Laredo Taco Company at Stripes will change the way you think about gas station tacos

If you’ve spent any time in South Texas or the Rio Grande Valley,  you will either welcome this post with a “Finally!” or possibly a “ja ja ja!”

For what I am about to say is no secret to the folks who have driven through Harlingen and Brownsville, McAllen and Laredo. But when you first discover Laredo Taco Company for yourself, it’s a game changer.

(Credit: Matthew Odam AMERICAN-STATESMAN)

There are Stripes gas stations clustered throughout Texas, with locations in Houston and even a couple as close as Bastrop and Elgin. But South Texas is the land of Stripes.  And many of them are home to the Laredo Taco Company. Yes, Austin has its own gas stations with excellent taquerias tucked in the back. The one that first rushes to mind is Tierra Linda Taqueria in North AustinBut Laredo Taco Company locations aren’t in the back of Stripes gas stations, just beyond coolers of Jarritos sodas and Takis, they are right there up front. Right by the salsa bar. Yes, a salsa bar in a gas station. A good salsa bar. We’re talking red and green salsas, raw onions, escabeche, pico de gallo, cilantro. Whatever you need. (OK, so the red salsa ain’t all that great, but still.)

You can order a bean and cheese and a ham and egg for $2 at breakfast. Two breakfast tacos for $2. Now you know why people from the RGV scoff anytime they come to Austin and see our $3.75 breakfast tacos. The breakfast menu gives way to a lunch menu of fajitas, picadillo, asado de puerco tacos and much more. And the best part, you order them on flour tortillas made fresh in house that rival some of the best flour tortillas at taquerias in Austin. Want to know why people from the RGV don’t take Austin tacos seriously, they get better tortillas when they fill up their tanks than many of us get anytime of the year. Puffed, buttery, lightly toasted and dusted, with just the right amount of chew to them, it’s everything you want in a flour tortilla.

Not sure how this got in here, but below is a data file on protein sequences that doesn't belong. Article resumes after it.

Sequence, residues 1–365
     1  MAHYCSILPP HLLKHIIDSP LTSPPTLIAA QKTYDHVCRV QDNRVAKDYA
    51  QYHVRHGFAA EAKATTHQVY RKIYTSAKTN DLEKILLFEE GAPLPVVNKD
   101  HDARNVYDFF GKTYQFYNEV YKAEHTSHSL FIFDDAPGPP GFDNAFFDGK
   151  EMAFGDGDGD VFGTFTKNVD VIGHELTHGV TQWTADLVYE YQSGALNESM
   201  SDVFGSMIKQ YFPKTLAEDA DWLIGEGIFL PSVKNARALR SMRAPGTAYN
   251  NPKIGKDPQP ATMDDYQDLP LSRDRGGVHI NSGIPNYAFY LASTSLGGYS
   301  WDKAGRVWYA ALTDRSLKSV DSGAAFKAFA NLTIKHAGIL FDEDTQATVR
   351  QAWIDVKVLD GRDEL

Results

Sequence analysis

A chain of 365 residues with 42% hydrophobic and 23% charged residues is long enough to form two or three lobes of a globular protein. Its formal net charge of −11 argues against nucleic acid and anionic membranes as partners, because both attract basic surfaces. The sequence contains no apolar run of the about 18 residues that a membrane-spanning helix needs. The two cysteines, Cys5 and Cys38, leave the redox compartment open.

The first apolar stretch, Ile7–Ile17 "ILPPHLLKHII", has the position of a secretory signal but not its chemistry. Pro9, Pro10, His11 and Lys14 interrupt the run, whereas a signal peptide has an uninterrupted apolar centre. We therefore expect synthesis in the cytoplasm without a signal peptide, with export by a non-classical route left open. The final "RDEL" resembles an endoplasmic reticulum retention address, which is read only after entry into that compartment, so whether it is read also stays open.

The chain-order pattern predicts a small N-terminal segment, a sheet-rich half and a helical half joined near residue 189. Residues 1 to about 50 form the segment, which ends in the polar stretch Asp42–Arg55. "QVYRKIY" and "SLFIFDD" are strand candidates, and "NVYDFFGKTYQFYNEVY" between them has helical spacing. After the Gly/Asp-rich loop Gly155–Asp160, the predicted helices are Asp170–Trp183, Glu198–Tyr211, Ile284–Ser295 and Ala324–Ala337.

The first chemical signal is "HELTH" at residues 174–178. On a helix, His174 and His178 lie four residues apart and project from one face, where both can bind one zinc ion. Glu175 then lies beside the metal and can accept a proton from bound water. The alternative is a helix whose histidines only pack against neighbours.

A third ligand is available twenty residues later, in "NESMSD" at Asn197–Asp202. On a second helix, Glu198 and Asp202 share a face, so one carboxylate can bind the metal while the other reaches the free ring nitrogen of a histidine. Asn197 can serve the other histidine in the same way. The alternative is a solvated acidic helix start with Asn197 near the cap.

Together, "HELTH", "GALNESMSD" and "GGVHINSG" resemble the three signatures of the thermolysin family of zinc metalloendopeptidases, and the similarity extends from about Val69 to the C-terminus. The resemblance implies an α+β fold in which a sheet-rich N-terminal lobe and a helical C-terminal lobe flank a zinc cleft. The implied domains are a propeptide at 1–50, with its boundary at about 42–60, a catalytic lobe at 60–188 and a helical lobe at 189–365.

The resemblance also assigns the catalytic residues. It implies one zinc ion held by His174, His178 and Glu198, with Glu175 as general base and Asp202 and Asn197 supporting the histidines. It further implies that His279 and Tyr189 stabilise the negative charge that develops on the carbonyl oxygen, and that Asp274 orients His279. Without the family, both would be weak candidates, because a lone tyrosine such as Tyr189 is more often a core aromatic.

I first discovered Laredo Taco Company from taco aficionado and Laredo native Sammy “The House” Ramirez while touring South Texas on my taco tour. (Read about it here.) After drinks one night, while compiling my list of taco stops, he told me to make sure I stopped by Laredo Taco Company at Stripes to get one. I thought he was kidding, as I’d seen dozens of them on my trip. Sammy doesn’t kid about tacos. 

Laredo Taco Company is now my new road-trip jam: If I’m in Port Aransas, I hit Laredo Taco Company on the way to Mustang Island (this is the Stripes at the south end of the island,  reached via Corpus, not at the north. That Stripes doesn’t have an LTC, and is thus weak.) Going to the outlet mall in San Marcos? There’s a LTC on the right-hand side before you pass under I-35.) Once you come to know LTC, you won’t zip pass the sign if you’re hungry, and you won’t stop anywhere else for gas on your trips south of Austin. I don’t know the history of the stores or why we don’t have any in Austin. (For the record, the closest one to downtown Austin is in Kyle and the ones in Bastrop and Elgin or equidistant from downtown Austin.) But I do know that I’ve seen the light, and it illuminate a green-and-black sign that is now a road-trip taco beacon.

You can keep your Buc-ee’s, I’m  riding with Stripes (as long as they have a Laredo Taco Company).


South Texas favorite Taco Palenque coming to Austin

The sabor of South Texas will soon be rolling up to Austin. Beloved Laredo-based Taco Palenque, which has locations throughout the Rio Grande Valley and north to Houston, San Antonio and New Braunfels, plans to open a food truck in Austin this summer.

Owner Juan Francisco Ochoa (Don Pancho) opened the first Taco Palenque in Laredo in 1987, several years after selling the American rights to El Pollo Loco, which he also founded. The fast-casual restaurant specializes in grilled beef and chicken plates and tacos, and is well known for its massive pirata, a taco slathered with refried beans and draped with juicy grilled fajita meat and melted cheddar cheese.